Alternately, you can stack round hay bales in a pyramid. This would require some sort of blocks or stakes on the outside of the bottom bales to prevent them rolling outwards. We have found that the extra weight from the bales above, does cause some shape distortion throughout the bottom bales.
Stacked On Their Ends
Round bales stacked on their ends, provides the best long term stacking solution because the bales maintain their shape and can be stacked higher than the above methods.
The challenge with stacking round bales on their ends is you will need a proper set of hay grabs rather than forks to do this. Not everyone has these available hence why this method of stacking is a little less common.
Should You Stack Hay Bales on Pallets or Directly on the Floor?
Whether your hay bales are round or rectangular, either way, one or more bales have to go on the ground.
You know that the ground should be level, but is it wise to put hay directly on the ground or should you elevate the hay on a pallet?
Using pallets to put hay on is a good idea but will be unsuitable for most people due to the sheer number of pallets needed. Using pallets allows good air flow under the bales and prevents moisture from being sucked up by the bales. This is really only necessary for stacking directly on the ground. Stacking bales directly onto a concrete floor is best.
Other Hay Stacking Techniques
We’ve already presented several hay stacking techniques, and we thought we’d share two more that you can use depending on the size of the hay you need to stack.
Interlocking Hay Bale Method
When stacking small square or rectangular hay bales, the technique starts the same as how you’d arrange larger bales.
Find the widest bales and place them on the pallet first, then add the narrower bales atop that.
Be sure to create interlocking alternate layers, rotating the layers as you stack. The key is to place the bales like you’re laying bricks so that each bale is secure.
Crisscrossing Hay Bale Method
For larger bales, ideally in a square or rectangle shape, you can also rely on the crisscrossing method.
You want to crisscross the hay bales over top of one another, layering the bales so that they face one direction in the first row and then an alternate direction in the next row.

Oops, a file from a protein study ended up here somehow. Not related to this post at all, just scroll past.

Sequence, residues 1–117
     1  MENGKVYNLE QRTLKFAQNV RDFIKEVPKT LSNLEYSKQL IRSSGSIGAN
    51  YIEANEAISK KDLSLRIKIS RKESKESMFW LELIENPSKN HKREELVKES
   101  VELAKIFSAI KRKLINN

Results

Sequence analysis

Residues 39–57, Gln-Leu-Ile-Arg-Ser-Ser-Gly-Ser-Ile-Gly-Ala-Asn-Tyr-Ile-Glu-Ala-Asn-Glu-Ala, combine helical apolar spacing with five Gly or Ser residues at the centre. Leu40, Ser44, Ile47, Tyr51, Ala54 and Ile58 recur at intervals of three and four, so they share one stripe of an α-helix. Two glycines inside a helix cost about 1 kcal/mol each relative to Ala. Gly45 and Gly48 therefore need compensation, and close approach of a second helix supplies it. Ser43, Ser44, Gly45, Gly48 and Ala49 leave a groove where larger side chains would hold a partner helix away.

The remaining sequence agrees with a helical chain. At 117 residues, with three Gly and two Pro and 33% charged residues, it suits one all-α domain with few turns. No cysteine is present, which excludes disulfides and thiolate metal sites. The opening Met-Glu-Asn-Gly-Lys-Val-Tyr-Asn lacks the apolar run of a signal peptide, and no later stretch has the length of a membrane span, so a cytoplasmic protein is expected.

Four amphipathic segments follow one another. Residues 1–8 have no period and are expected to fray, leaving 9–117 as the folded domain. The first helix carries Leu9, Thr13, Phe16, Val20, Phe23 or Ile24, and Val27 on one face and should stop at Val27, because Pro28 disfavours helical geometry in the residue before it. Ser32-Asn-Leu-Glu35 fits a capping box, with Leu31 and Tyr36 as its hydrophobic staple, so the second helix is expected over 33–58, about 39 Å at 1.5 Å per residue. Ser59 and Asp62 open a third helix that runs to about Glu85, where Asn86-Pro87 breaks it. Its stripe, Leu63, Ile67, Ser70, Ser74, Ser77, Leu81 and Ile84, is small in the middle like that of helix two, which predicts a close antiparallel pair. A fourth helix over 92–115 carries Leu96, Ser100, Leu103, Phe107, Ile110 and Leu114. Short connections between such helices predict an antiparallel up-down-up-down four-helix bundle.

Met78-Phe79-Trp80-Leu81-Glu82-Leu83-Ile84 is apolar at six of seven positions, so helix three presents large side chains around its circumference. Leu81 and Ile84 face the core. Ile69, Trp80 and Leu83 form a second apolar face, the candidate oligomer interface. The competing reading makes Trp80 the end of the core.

It’s okay if the bales aren’t as tightly packed as when interlocking the bales, as this will allow airflow to permeate.
Safety Tips for Stacking Hay
To wrap up, we want to impart to you the following safety tips. Please always keep these tips in mind when stacking hay, whether you’re doing it manually or using machinery to aid you.
Don’t Use More Than 10 Bales Per Stack
You already know that the haystack you create shouldn’t exceed the width of the base by more than 1.5 times. To ensure your hay stays within that limit, you don’t want more than 10 bales per stack.
Don’t Stack Hay Near Power Lines
If stacking your hay bales outdoors, you never want to place the hay directly underneath power lines. You could risk driving into or getting your heavy machinery entangled in the power lines when working, which could be very dangerous.
Test the Hay for Moisture
Given what you know about how moisture levels can rise in hay if it’s exposed to inclement weather as well as how the bottommost layers of a haystack can accumulate more moisture, it’s a good idea to do moisture tests regularly.
We’ve discussed how you do this on the blog, so be sure to give that post a read. See our post on how to check the moisture in you hay.
Tell Kids Not to Play on the Hay
Our last tip is this. If you have children, teach them that haystacks are not toys. They should never be allowed to climb or play on even one bale of hay, let alone a bunch.